Written by Bert Plomp
Until 1961, until roughly my thirteenth age, I lived on the third floor of the first block of Napoleon Square. The fact that I had to share my room with younger brother Charles wasn’t really such a disaster in the end. As I got older, my room gradually turned into a sort of discotheque. All the walls, and even the ceiling, were covered with posters of The Beatles, The Rolling Stones, and other famous bands. A large fishing net hung across the length of the room, and various colored lamps were lit up. The music was provided by an English-language commercial station called Radio Luxembourg. It was a very popular pop station in those days. The receiver that brought this station to my room was a large, old radio. A device that had survived the bombardments of the Second World War. It had a whole row of keys, like a piano. I had bought the radio for a few guilders at the flea market. This market took place every Saturday at Paardenveld.
Every evening, there was a competition between Theo’s room and my room. A contest to see who could make their favorite music sound the loudest in the apartment building.
Before the radio, I had a so-called crystal receiver as a music source. A device that could receive radio stations without using any power. Through a small earphone, I could listen to different stations. Crystal receivers came in various forms, ranging from a tiny radio to an airplane with an antenna on its nose. By carefully adjusting the antenna, you could pick up different stations.
During that time, I had already managed to build a network. With my friend Tonnie, who also lived on the third floor but at the other end of the building, I had established a radio connection. We connected our rooms by stretching wire across the length of the building. Through this wired connection, we exchanged music and had conversations.
One day, I even managed to establish a connection with my friend Joop’s house. Setting up that connection was much more challenging, as Joop lived in a single-family house on the other side of the street. Now a wire was stretched through the air from the third-floor flat to Joop’s house. Daily traffic passed underneath the wire. It’s hard to imagine nowadays that such a thing was possible.
In the first block, there were various shops on the ground floor. The first shop was a drugstore. The shopkeeper was called Aunt Greet. She was so popular. Her drugstore always smelled delightful of things like anise, licorice, and licorice root. This delightful mixture reached its peak in winter when it was combined with the scent of a burning oil heater. What made a visit to Greet’s store even more interesting on cold days was Greet’s sensual assistant. This beautiful, dark-haired young woman was around twenty years old. She had a sturdy bust, a slender figure, and long slim legs. In winter, she usually wore a tight black tights. Just that and a white doctor’s coat. In short, I had every reason to linger longer in the drugstore than strictly necessary. I would order something from a certain jar displayed on a high shelf. To reach that jar, Greet’s assistant had to fetch a small ladder and climb up. While I stood beneath her, admiring her movements, I would usually ask her to add a bit more.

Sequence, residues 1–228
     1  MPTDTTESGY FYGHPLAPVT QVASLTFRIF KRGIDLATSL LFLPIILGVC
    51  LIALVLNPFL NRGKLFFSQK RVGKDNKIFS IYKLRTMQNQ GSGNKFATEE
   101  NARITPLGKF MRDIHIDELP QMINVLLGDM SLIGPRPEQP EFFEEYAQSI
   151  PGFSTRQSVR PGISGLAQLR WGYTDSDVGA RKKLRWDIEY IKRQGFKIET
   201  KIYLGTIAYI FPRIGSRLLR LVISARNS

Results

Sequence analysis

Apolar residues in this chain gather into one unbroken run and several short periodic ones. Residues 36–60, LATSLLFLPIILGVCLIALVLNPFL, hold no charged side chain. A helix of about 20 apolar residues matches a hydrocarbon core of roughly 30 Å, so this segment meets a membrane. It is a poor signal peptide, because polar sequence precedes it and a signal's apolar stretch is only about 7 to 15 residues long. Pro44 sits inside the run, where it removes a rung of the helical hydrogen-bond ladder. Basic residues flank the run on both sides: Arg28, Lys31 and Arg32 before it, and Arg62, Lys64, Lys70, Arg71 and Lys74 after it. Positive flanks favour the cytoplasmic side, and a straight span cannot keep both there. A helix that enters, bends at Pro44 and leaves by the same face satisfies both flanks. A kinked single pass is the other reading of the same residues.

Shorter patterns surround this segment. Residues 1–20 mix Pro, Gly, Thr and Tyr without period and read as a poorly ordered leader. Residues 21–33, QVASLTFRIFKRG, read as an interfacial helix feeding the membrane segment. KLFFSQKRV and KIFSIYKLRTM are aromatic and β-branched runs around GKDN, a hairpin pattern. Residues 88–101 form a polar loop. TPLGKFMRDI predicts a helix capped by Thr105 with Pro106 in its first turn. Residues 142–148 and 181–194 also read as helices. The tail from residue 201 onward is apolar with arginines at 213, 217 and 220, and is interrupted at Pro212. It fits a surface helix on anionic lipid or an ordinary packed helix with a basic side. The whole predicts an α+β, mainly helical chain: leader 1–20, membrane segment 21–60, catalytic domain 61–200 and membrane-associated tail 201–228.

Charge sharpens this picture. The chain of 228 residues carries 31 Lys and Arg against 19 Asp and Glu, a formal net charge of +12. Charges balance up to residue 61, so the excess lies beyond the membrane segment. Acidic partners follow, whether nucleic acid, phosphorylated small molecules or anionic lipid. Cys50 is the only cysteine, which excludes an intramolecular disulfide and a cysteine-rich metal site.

Next to Aunt Greet was the cigar shop run by Mr. Van den Akker. Here, I bought the most exotic cigarettes. You could buy them individually. My friends and I smoked anything that would burn. Egyptian cigarettes were especially popular. Mainly because Arab cigarettes were extra long. But while smoking, you did emit a smell of singed goat hair socks. At Van den Akker’s, you could also buy various music magazines. Magazines like “Muziek Expres.” “Muziek Expres” contained a lot of information about your favorite bands. However, the most important part of the magazine was the beautiful poster it included. A large image of a currently popular band. In my room, these posters found their way onto the walls, the ceiling, and the bedroom door.
Next to the cigar shop was grocer Mr. Van de Rijst. I often helped this man clean up his cellar. His cellar was often full of empty boxes and advertising clutter. I also occasionally helped his son. I helped him get rid of his stamps.
Beside that was dairy Mr. Van Maurik’s shop. Theo was often engaged by him for delivery work. My brother worked tirelessly for a few guilders every Saturday. Up and down stairs, delivering bottles of milk, buttermilk, porridge, or other dairy products.
The last two shops were Marja and Stroes. Marja earned her living selling fabrics, and Stroes was the local greengrocer. With my friends, I always helped Stroes unload strawberries, cherries, and apples. When he returned from the auction and started unloading his cart, we did our best to help him lighten the load. As soon as the poor man rushed with a crate to his store, we mercilessly struck. He was always in a hurry unloading because he suspected what was happening behind his back. We grabbed handfuls of fruit from his cart. Before the greengrocer returned, all those goodies were consumed, and we were ready for the next attack.
TO BE CONTINUED
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